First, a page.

Amoeblog

(For which we beg your forgiveness)

Posted by Job O Brother, April 6, 2009 03:12pm | Post a Comment
walker
I spend a lot of time walking; it’s my favorite mode of transportation, except for maybe riding a train, but riding a train from my apartment to, say, Amoeba Music Hollywood, would require either walking half the day to the train station, spending lots of money on a ticket to the next nearest destination which would be somewhere on the outskirts of Los Angeles, at which point I would either have to walk back, which would take a couple days (stopping for food/bathroom/weeping breaks) OR a couple hours in a cab (which would cost more money than I make in a week) OR require walking to a bus-stop and a day-long bus ride. I could do all that, or I could walk the 10 minutes from my apartment to Amoeba.

So, while technically riding a train is my favorite mode of transportation, context is of some consideration, and that results in walking sometimes being my favorite mode of transportation.

Please accept my apologies for the above two paragraphs; they were a complete waste of both our time.

While walking to various destinations, I often enjoy listening to books that have been recorded. People, myself included, still most often refer to these as “books on tape,” even though compact discs are the preferred vehicle for said recordings (“said recordings” – get it?).

I am really hating my journalistic “voice” in this article. Like, a lot. But, going on…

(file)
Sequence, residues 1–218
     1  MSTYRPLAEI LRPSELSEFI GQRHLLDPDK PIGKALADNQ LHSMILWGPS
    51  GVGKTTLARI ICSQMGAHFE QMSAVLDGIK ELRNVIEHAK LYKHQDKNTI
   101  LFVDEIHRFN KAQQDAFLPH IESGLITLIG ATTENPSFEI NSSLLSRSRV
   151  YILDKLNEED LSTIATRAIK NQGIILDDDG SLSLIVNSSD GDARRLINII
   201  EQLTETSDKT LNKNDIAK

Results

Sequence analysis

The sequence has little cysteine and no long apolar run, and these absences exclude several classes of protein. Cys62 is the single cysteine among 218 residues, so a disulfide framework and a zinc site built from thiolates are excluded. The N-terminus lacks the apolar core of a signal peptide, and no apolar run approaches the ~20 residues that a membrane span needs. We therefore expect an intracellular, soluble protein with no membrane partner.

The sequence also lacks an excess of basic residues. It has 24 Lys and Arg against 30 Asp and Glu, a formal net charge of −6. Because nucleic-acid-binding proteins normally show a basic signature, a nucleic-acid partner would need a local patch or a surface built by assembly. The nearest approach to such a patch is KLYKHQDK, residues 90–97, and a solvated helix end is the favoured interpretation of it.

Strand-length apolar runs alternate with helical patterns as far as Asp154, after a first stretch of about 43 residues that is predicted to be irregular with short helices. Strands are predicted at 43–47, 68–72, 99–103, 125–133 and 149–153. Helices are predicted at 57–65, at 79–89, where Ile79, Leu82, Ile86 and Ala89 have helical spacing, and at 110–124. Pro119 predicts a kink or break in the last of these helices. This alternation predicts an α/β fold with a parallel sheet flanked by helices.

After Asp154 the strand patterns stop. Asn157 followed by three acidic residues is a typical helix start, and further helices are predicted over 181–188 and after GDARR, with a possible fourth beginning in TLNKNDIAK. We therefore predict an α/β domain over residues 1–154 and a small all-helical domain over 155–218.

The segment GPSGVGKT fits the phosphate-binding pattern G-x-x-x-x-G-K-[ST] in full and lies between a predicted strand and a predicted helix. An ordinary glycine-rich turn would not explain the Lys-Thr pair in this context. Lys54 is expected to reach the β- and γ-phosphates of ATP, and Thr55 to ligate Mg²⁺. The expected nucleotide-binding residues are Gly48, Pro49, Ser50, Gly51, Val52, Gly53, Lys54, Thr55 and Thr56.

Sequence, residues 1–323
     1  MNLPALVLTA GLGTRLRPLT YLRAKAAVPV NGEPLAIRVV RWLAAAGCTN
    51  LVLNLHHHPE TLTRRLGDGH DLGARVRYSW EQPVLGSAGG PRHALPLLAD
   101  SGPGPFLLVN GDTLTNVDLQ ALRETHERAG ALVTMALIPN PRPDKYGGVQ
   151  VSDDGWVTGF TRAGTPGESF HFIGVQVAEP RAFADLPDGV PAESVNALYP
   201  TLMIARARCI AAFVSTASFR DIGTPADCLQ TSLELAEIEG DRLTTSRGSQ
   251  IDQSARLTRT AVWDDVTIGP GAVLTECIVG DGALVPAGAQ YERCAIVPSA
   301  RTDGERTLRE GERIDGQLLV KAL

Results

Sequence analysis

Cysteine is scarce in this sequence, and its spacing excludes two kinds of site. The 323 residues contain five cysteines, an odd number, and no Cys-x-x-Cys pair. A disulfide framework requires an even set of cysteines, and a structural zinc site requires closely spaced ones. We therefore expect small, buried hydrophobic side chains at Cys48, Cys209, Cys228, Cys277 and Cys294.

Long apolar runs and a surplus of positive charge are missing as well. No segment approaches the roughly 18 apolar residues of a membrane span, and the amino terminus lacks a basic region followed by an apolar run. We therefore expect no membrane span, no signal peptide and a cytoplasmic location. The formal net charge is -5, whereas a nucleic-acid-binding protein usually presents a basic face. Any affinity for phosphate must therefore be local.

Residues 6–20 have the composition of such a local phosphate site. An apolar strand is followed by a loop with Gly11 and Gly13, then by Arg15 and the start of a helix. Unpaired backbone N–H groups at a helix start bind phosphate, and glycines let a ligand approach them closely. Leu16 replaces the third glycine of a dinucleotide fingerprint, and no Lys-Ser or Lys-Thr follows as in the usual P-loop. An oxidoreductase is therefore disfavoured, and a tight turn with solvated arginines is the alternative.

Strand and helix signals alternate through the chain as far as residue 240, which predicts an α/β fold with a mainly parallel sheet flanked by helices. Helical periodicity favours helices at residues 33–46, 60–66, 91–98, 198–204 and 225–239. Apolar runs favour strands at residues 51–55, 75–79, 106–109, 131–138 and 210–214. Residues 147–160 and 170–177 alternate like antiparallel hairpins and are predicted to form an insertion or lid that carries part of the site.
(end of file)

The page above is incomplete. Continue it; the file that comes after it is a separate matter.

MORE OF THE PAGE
tape

Amoeba Music has a hearty supply of used, “books on tape” and other spoken-word gems. In the Hollywood branch, they’re located in the jazz room, tucked between the classical and experimental sections. We put them there because they kept getting picked-on by the rock/pop DVD’s and vintage posters, both sections known for their name-calling and general rowdiness.

Spirit Records & Francis Thompson

Posted by Mr. Chadwick, November 26, 2007 02:23pm | Post a Comment
I fled Him, down the nights and down the days;
I fled Him, down the arches of the years;
I fled Him, down the labyrinthine ways
Of my own mind; and in the mist of tears
I hid from Him, and under running laughter ...
                                                                                                                 Francis Thompson

A misfit Catholic from a time and a place where just being Catholic made you a misfit, Francis Thompson lived a down and out life in London's late 1800's.   An opium addict, failed doctor and failed priest who found his savior in many forms, down many an odd avenue, his story is simply fascinating.  He died Nov 13th 1907 from TB, his later years spent nursing himself after  the disappearance of his muse and savior, a prostitute who had been housing and supporting him.

 

Norman Mailer RIP

Posted by Mr. Chadwick, November 12, 2007 08:00am | Post a Comment

I remember "borrowing" a copy of a great Marilyn Monroe coffee table book when I was about 12 years old.  Of course it was for the great writings of Mr. Mailer, not the photos, ahem...

Here's a few shots of Norman Mailer's spoken word LP on the short lived Prestige  records subsidiary "Lively Arts"